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On another site somebody has claimed that "so" in constructions like "I'm so full" is "modern California-style young people's colloquial English".

But is it? I'm over 50, I'm a native English speaker, and I'm not American. It doesn't strike me as recent or American, but maybe I'm wrong.

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    Linquists refer to the recency illusion where a usage is thought to be newer than it is; it is particularly common for usages that someone doesn't like. – user323578 Mar 4 '19 at 13:04
  • @JamesRandom: Yes that was one of my theories of what was happening. – hippietrail Mar 4 '19 at 13:08
  • I’m aware that this should probably be a comment, but I haven’t got the reputation points to make it one. If you want to hear a really good in-depth exploration of the word “so” by a reputable linguist, I’d recommend checking out this episode (itunes.apple.com/us/podcast/lexicon-valley/…) of John McWhorter’s podcast, Lexicon Valley. He goes into a whole bunch of different ways it’s used and why - the episode overall is about starting sentences with “so”, but he talks about other uses a lot too. – becca moses Mar 4 '19 at 16:46
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The OED has citations for that usage from old English until present. I think the problem is in intonation. If you imagine that the "so" with a sarcastic eye-roll, meaning "not at all" then I suspect, yes, the usage originated in California (specifically valley speak) and is relatively (80s-90s) recent.

Edit you want citations:

Shakespere's much ado about nothing has: "That you haue such a Februarie face, So full of frost, of storme, and clowdinesse."

And here's another public domain citation from British English in 1819.

And yet another example from the King James Bible, published 1611:

Genesis 27:20: And Isaac said unto his son, How is it that thou hast found it so quickly, my son?

Those answer the OPs question, it's English usage from before America was a colony, let alone a country. As to the speculation as to why some other site thinks this is a modern Californian invention, without more information, the answer can only be speculation.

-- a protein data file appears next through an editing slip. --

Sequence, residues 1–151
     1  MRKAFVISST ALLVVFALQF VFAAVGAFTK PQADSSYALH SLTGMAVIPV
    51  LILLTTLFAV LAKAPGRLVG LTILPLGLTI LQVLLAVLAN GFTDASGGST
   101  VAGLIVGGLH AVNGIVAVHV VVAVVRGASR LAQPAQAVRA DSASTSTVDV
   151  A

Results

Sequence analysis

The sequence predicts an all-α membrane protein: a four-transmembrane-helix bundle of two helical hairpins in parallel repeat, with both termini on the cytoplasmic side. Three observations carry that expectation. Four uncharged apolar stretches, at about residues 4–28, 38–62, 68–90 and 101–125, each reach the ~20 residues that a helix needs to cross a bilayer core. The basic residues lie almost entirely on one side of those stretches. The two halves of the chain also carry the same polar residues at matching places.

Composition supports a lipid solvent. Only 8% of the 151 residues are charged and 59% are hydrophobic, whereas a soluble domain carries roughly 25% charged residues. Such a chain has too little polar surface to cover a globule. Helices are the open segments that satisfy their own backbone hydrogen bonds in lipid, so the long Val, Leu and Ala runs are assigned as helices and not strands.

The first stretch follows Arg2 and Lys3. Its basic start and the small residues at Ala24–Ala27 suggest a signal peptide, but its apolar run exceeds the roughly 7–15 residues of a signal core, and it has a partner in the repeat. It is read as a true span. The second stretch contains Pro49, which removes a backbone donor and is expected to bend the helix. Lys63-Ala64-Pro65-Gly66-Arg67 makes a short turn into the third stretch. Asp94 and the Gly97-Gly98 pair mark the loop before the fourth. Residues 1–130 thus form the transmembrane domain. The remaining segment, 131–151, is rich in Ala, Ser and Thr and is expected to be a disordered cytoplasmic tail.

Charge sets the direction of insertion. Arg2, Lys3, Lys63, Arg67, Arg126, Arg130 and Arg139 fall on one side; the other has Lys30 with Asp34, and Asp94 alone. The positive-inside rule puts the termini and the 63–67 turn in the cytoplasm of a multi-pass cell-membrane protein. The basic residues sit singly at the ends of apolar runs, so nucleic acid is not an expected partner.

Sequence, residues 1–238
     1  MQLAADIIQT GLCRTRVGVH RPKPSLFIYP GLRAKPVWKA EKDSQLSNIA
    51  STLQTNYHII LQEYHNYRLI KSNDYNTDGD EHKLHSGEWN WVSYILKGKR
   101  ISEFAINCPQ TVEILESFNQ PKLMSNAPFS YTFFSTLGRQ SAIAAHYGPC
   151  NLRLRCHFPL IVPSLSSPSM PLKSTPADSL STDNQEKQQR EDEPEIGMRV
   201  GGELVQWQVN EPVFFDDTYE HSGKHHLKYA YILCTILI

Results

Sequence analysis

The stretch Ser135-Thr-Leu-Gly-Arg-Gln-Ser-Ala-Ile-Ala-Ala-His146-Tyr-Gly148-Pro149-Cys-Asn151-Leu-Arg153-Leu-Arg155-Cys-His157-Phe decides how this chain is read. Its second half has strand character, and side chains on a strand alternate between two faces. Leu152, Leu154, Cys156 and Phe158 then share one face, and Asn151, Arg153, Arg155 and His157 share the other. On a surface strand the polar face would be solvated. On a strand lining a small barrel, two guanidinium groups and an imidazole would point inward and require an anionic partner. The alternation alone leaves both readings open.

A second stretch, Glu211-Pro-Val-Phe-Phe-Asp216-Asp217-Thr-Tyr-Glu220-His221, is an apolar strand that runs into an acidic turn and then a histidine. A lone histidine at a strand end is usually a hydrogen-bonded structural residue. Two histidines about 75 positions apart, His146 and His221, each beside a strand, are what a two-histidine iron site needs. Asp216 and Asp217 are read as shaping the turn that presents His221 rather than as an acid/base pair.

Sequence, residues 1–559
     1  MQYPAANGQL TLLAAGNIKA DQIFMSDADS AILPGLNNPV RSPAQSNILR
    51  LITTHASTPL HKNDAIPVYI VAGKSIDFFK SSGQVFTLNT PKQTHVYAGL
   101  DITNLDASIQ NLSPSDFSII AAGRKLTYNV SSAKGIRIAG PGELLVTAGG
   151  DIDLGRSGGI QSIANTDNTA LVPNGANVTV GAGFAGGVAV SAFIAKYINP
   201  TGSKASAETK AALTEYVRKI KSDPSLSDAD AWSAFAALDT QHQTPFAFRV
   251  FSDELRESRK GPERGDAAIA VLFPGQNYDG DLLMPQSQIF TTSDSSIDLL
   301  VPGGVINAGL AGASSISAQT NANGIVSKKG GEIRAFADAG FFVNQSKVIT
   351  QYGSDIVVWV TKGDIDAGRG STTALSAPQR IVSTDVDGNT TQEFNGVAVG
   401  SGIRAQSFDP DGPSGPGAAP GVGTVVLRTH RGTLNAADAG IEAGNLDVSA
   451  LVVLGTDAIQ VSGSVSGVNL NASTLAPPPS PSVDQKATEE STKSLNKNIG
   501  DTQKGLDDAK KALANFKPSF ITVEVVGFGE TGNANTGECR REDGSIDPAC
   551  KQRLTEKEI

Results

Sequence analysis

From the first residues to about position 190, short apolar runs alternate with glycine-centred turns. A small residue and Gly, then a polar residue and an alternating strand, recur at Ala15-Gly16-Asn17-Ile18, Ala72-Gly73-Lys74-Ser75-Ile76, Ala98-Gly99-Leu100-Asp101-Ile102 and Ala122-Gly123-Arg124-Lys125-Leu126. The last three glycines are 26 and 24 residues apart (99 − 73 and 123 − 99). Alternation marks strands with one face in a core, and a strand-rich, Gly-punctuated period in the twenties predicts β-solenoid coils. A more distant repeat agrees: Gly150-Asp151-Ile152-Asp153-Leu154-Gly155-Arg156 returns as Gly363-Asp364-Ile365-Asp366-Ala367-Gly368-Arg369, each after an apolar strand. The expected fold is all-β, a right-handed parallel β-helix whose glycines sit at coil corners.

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    Equivalents appear in other languages (eg. Italian così bello = so beautiful) as well. Which suggests it is a very natural and/or ancient construction. – user323578 Mar 4 '19 at 13:07
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It is so old. It is also so '80s-to-present.

There is a usage of so that has become far more popular in the last 40 years, but "I'm so full" would not be an example of it. "So" has applied to adjectives since Old English: so old, so bold, so cold, so beautiful.

The recent usage involves applying so as an intensifier to nouns, other adverbs, verbs, or adjectives that customarily would not take an intensifier. Here's how the Oxford English Dictionary describes it:

a. Modifying a noun, or an adjective or adverb which does not usually admit comparison: extremely, characteristically.

b. Modifying a verb: definitely, decidedly. Frequently in negative constructions.

The Routledge Dictionary of Modern American Slang and Unconventional English, noting the "attitude" and "pronunciation" with which this meaning is delivered, dates this usage to 1979 as used in the film Manhattan:

Oh, please, you know, God, you're so the opposite!

"So" didn't usually modify nouns before this point. Here's an example of so applied to the colloquial phrase "into you":

He's made it clear that he's so not into you that he couldn't even bother to leave you a Post-it.

As for region of origin, the Oxford English Dictionary claims it is "chiefly US," and the first cited instance is from an American film.

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